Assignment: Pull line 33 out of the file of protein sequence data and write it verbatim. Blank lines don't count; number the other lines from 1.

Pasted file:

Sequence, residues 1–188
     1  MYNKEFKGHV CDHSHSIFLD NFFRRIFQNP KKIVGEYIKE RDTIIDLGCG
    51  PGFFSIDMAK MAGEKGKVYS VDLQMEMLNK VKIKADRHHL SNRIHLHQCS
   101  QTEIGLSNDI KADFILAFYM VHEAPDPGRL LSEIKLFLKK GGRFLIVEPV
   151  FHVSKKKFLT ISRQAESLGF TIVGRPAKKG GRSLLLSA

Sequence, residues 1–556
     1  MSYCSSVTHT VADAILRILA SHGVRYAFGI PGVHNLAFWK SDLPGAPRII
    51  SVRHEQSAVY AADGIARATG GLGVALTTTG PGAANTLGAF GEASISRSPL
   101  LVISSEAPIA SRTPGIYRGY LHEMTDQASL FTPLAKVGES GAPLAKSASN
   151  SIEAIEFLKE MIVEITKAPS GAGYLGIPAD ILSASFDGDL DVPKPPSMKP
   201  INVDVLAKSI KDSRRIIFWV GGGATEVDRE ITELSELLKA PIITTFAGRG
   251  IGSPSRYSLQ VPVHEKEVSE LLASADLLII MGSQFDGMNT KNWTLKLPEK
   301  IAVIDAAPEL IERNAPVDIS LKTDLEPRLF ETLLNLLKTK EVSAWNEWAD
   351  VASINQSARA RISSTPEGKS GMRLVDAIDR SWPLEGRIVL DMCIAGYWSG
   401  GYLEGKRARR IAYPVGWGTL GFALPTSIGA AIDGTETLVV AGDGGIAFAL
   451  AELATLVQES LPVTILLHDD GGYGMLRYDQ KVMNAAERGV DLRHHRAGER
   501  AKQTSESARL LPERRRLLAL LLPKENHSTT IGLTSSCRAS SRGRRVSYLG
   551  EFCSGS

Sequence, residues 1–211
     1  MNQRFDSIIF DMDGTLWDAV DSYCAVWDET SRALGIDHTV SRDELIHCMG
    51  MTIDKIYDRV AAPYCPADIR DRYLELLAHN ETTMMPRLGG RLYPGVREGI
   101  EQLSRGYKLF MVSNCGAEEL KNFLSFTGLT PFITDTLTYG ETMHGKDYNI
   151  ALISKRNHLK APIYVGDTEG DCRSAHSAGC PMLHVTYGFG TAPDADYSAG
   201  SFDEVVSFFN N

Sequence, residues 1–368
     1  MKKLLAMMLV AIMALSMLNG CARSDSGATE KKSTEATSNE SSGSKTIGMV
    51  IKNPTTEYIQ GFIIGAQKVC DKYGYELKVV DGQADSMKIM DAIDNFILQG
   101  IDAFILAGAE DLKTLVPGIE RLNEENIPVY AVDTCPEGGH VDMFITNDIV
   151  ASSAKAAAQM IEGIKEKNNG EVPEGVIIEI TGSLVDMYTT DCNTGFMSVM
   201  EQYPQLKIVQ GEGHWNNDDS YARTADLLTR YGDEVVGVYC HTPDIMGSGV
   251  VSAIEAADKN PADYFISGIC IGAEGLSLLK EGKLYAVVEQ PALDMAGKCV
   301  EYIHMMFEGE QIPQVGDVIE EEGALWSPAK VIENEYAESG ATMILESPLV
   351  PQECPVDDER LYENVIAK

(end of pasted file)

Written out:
   351  PQECPVDDER LYENVIAK